Several analysts have warned that Canadian business innovation is slowing down, citing the fact that new listings on the TSX are due to new ETFs and other diversified products, rather than IPOs. But a new report from PwC suggests another possible conclusion.
In the recent third-quarter PwC survey of Canadian equity markets, which covered a three-month period ending on September 30, the firm reported just one new issue of $690,000 on the CSE. The first three quarters of 2016 are turning out to be the worst on record, with less than $2 million in new issues for the year.
But there’s another explanation, according to Dean Braunsteiner, national IPO leader at PwC in Canada.
“The factors weighing on the IPO market are well known: global economic uncertainty, persistent weak performance in China, negative interest rates and a troubling outlook for European banks are daily news,” he explained, adding that the upcoming US elections are contributing to the current chill. However, he pointed out that Canada may be forging ahead on a different path.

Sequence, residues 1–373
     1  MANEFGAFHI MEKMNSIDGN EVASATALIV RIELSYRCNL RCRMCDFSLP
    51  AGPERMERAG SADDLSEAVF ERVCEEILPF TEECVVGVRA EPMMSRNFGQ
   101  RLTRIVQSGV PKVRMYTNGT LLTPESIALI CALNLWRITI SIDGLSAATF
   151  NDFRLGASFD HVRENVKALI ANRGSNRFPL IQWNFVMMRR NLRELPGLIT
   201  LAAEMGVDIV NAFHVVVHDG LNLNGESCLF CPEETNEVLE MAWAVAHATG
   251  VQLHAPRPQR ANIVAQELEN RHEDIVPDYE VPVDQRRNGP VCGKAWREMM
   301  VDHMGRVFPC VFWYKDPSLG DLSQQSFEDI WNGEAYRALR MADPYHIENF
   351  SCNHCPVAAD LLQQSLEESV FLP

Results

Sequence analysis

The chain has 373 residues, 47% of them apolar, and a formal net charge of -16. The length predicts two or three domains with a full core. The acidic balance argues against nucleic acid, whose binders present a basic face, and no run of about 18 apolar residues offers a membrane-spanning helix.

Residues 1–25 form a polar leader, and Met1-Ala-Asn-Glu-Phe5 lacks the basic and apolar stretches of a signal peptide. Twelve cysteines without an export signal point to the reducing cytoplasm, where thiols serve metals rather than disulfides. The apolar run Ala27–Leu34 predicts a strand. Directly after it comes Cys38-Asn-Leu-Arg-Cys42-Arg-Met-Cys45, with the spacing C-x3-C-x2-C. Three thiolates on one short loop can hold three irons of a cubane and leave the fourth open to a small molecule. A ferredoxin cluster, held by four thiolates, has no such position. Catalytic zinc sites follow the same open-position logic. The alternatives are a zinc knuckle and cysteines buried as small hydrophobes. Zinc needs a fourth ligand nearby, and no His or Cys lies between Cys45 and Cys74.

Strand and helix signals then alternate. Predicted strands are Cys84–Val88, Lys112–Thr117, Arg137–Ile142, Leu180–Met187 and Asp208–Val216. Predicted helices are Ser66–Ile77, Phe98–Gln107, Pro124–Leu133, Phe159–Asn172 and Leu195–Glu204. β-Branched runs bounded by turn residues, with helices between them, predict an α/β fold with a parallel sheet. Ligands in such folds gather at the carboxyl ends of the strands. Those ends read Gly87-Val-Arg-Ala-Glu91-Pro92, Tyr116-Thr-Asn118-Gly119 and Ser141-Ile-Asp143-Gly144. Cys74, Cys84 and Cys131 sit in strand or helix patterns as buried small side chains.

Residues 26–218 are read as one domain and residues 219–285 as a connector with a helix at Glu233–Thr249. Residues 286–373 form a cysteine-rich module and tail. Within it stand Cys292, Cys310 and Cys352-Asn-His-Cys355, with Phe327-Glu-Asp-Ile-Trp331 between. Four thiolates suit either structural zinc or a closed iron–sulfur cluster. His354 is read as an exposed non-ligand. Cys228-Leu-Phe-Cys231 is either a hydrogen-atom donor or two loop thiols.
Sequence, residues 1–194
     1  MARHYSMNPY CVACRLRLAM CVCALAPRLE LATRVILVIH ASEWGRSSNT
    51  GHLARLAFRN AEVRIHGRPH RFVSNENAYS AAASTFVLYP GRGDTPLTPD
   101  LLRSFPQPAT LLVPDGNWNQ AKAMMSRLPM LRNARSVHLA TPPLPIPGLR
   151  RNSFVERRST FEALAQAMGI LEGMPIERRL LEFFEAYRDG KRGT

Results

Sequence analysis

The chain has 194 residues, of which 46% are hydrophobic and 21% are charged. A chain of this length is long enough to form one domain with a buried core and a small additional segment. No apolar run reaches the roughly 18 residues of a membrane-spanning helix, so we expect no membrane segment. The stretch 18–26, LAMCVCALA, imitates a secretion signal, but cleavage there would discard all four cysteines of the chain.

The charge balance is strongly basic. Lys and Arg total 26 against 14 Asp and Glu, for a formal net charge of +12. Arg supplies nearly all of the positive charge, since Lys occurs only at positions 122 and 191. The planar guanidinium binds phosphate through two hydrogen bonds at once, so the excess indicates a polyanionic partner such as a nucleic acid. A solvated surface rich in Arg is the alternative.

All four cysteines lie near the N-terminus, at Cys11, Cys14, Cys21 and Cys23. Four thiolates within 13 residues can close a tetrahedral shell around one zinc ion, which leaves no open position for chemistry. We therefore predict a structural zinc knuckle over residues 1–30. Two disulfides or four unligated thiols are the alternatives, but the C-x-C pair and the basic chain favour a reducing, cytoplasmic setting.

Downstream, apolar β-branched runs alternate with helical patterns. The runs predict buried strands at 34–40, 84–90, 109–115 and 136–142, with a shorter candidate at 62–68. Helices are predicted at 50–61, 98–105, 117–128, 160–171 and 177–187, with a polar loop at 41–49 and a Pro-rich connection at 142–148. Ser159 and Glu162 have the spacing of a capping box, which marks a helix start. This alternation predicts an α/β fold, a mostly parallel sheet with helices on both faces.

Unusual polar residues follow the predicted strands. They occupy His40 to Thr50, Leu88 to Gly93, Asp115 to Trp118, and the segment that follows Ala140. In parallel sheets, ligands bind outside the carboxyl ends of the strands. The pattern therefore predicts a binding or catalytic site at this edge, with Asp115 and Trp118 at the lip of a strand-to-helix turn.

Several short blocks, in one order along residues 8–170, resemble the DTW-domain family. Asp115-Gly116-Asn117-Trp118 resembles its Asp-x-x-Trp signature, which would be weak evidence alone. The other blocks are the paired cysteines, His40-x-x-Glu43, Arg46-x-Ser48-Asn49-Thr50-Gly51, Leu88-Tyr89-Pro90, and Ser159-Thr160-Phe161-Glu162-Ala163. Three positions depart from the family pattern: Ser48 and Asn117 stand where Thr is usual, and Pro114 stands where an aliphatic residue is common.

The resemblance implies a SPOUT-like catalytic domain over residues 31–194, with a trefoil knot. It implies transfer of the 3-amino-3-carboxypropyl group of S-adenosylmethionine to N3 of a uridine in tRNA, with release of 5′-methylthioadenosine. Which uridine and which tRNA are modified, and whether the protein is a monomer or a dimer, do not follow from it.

“Canadian mining companies are quietly making a comeback,” he said. Their shares have gone up significantly since January, with late-stage mining companies enjoying the benefit of improved access to capital from secondary markets. He also pointed to a pending $400 million IPO from apparel merchandiser Aritzia as a sign of continuing investor appetite for quality issues.
The secondary market’s buoyancy, coupled with the popularity of flow-through limited partnership companies and new special-purpose investment companies, is additional evidence of a market redirection, Braunsteiner added.
Canada is not alone in its IPO stupor. For most of 2016, the mega-deals that have driven IPO markets in the US, Europe, and Asia have been mostly absent, even with rising share prices and optimistic forward price-to-earnings multiples promise high prices for upcoming issuers. But for Braunsteiner, the question is when – not if – big IPOs will reignite the markets.
"We're certainly at a critical juncture in Canada," Braunsteiner says, "but suggestions that the traditional Canadian IPO market is dead are simply not supported by facts. This is just going to take time."
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